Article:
What makes a leader outstanding is the opportunity that they capitalize. It is the ability to take the chance while setting a foothold to face newer challenges and facing them head-on. These leaders are ever ready to make a significant shift at any given moment and prove themselves to be the best of the best. One such leader making waves in the cyber security space is Dr. Bhavani Thuraisingham, who has paved her exceptional career path by grabbing every opportunity before her.
As the Executive Director of the Cyber Security Research and Education Institute at The University of Texas at Dallas, Dr. Bhavani’s work has resulted in 130+ journal articles, 300+ conference papers, 180+ keynote and featured addresses, seven US patents, fifteen books in data science and cybersecurity, and technology transfer of the research to commercial products and operational systems. We, at Insights Success, caught up with Dr. Bhavani to unveil her impactful journey and how she is leading by example.
A Voyage to Become Proficient Leader
Dr. Bhavani was born in Colombo, Sri Lanka, and is of Tamil origin. She completed her undergraduate degree at the University of Ceylon (now Sri Lanka) in Mathematics and Physics in 1975. She got married at the age of 20 and moved to England to start her graduate education. She received her Masters at the University of Bristol in Mathematical Logic and her PhD from the University of Wales in the UK in Theory of Computation.
Subsequently, she moved to the USA (New Mexico) during the Summer of 1980. She was offered a tenure track position at New Mexico Tech, but she chose a visiting faculty position instead because of her baby boy. During the summer of 1981, Dr. Bhavani moved to Minneapolis, and she landed a visiting faculty position at the University of Minnesota for two years. Subsequently, she joined Control Data Corporation as a senior software developer working in networks and distributed systems as an adjunct faculty at the University of Minnesota.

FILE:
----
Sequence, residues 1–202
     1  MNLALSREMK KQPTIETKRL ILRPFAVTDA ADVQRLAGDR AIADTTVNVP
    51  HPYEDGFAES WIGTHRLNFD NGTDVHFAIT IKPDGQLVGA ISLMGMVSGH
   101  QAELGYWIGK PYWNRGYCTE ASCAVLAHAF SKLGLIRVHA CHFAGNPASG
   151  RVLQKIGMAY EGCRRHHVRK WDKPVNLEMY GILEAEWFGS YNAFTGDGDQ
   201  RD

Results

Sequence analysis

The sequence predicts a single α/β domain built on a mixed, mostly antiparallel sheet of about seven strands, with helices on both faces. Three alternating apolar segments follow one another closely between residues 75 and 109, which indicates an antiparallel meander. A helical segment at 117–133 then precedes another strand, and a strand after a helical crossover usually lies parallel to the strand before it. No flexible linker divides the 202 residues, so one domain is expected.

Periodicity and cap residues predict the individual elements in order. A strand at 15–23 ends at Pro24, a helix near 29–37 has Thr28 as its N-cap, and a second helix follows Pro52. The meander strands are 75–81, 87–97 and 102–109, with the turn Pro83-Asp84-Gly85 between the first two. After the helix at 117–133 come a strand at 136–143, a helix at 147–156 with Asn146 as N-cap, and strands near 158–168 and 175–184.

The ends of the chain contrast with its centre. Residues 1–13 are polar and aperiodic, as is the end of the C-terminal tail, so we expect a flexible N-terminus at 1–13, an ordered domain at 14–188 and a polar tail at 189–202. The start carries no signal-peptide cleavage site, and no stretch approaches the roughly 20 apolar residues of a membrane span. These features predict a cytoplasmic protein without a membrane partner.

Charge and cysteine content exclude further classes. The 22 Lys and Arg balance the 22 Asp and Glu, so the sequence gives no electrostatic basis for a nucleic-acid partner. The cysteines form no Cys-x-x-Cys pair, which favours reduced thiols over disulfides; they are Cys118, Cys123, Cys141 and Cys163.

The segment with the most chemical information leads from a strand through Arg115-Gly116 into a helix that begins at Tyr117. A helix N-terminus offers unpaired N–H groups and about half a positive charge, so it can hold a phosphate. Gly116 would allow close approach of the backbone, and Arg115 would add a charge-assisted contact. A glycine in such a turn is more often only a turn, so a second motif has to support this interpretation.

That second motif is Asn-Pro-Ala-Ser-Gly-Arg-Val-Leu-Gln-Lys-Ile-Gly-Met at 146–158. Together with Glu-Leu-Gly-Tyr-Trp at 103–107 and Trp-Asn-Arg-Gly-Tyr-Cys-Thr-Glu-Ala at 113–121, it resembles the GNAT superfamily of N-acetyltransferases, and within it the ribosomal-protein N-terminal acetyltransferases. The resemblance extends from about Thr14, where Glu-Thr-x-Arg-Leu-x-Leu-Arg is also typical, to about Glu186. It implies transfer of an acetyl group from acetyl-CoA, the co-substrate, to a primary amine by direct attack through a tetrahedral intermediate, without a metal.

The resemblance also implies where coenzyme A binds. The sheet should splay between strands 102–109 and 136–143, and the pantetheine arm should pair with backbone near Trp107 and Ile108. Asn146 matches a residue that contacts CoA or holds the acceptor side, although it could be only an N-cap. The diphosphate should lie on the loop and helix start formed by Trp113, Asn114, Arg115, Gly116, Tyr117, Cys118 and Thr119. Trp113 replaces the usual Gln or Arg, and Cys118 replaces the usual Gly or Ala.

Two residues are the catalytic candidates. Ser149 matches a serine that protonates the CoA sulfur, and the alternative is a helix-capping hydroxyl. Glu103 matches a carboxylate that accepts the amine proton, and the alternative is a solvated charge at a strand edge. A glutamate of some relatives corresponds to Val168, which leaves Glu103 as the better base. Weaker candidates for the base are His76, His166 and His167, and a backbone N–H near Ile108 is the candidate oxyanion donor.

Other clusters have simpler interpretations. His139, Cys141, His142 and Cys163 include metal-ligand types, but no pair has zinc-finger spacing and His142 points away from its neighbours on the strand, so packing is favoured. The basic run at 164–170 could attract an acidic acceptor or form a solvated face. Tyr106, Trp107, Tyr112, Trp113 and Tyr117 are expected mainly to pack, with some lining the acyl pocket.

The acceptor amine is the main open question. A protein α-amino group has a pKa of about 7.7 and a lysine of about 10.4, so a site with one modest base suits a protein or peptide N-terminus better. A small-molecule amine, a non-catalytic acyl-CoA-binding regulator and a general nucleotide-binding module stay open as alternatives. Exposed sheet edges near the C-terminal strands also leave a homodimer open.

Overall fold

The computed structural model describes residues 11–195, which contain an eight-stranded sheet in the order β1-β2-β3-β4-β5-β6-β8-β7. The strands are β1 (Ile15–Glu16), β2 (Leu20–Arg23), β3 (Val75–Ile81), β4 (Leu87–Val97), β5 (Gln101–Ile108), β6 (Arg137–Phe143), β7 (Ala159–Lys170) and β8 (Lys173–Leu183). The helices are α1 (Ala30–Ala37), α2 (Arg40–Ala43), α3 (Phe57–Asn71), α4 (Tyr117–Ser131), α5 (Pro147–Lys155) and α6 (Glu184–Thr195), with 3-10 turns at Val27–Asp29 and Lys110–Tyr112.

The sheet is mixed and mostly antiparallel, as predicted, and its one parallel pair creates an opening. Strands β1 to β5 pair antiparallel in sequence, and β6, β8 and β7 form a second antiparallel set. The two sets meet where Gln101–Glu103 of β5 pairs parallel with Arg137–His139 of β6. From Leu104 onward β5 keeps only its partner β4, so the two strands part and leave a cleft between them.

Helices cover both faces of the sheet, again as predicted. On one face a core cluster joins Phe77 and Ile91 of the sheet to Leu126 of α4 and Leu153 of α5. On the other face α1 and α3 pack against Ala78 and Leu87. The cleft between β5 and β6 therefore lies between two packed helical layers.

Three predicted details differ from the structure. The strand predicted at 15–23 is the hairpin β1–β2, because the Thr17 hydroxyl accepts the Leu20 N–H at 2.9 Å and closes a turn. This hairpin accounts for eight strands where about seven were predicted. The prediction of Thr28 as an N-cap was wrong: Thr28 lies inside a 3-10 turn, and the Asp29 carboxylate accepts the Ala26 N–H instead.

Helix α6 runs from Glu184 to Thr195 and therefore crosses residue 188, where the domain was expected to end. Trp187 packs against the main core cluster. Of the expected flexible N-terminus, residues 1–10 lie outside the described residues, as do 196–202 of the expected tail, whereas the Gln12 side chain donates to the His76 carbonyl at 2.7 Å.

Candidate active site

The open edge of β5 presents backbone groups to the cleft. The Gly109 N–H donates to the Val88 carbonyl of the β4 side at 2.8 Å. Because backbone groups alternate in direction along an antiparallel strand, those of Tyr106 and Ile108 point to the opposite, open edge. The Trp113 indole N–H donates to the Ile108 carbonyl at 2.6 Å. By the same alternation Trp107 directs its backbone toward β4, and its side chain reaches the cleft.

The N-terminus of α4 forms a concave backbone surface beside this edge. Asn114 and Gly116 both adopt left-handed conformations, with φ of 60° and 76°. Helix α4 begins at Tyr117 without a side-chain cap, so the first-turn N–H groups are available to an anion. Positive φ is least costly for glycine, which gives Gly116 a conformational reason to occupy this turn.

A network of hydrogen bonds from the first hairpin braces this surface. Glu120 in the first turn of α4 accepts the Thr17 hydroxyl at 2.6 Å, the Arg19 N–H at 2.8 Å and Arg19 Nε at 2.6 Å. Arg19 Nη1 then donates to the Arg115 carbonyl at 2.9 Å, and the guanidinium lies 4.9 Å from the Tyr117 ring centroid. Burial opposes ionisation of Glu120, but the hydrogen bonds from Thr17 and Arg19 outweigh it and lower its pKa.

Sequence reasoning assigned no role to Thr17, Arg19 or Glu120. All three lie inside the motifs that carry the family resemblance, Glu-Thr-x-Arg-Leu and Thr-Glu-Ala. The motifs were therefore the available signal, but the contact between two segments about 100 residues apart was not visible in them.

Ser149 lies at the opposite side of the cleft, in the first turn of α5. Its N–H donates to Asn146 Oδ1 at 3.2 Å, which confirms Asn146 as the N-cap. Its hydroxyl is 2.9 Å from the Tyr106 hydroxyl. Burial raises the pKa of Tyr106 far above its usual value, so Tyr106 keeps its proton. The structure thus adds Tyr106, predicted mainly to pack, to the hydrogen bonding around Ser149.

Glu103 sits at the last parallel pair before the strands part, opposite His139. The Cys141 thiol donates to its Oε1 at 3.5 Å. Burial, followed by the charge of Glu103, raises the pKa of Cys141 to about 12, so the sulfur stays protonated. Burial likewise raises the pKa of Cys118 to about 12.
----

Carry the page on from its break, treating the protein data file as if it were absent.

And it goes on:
Dr. Bhavani enjoyed development and was an integral part of the team that developed CDCNET at Control Data, one of the early computer networks. After contributing to the first release of the product, she wanted to get into research, but it was not easy as she was limited to the Minneapolis/St. Paul area. Then, she got a lucky break. She became a US citizen in Fall 1985. Around that time, Honeywell had won a contract from the US Air Force to design and develop a highly secure database system, and Honeywell made her an offer. All three events had to occur for her to start her career in Cyber Security and Data Science. Since then, she has been very fortunate to have a very rewarding career.
After a career in the commercial industry, she moved to Boston, where she joined the MITRE Corporation, a federally funded research and development center (FFRDC). This is where she thrived with her technical work in research, development, and technology transfer in Data and Applications Security. She also led research programs for the government and was a consultant to several programs. Around this time, Washington called for her to be a program director at the National Science Foundation, which was a great experience. This was followed by a exceptional opportunity to build the Cyber Security Institute at UT Dallas from scratch as a tenured professor in October 2004.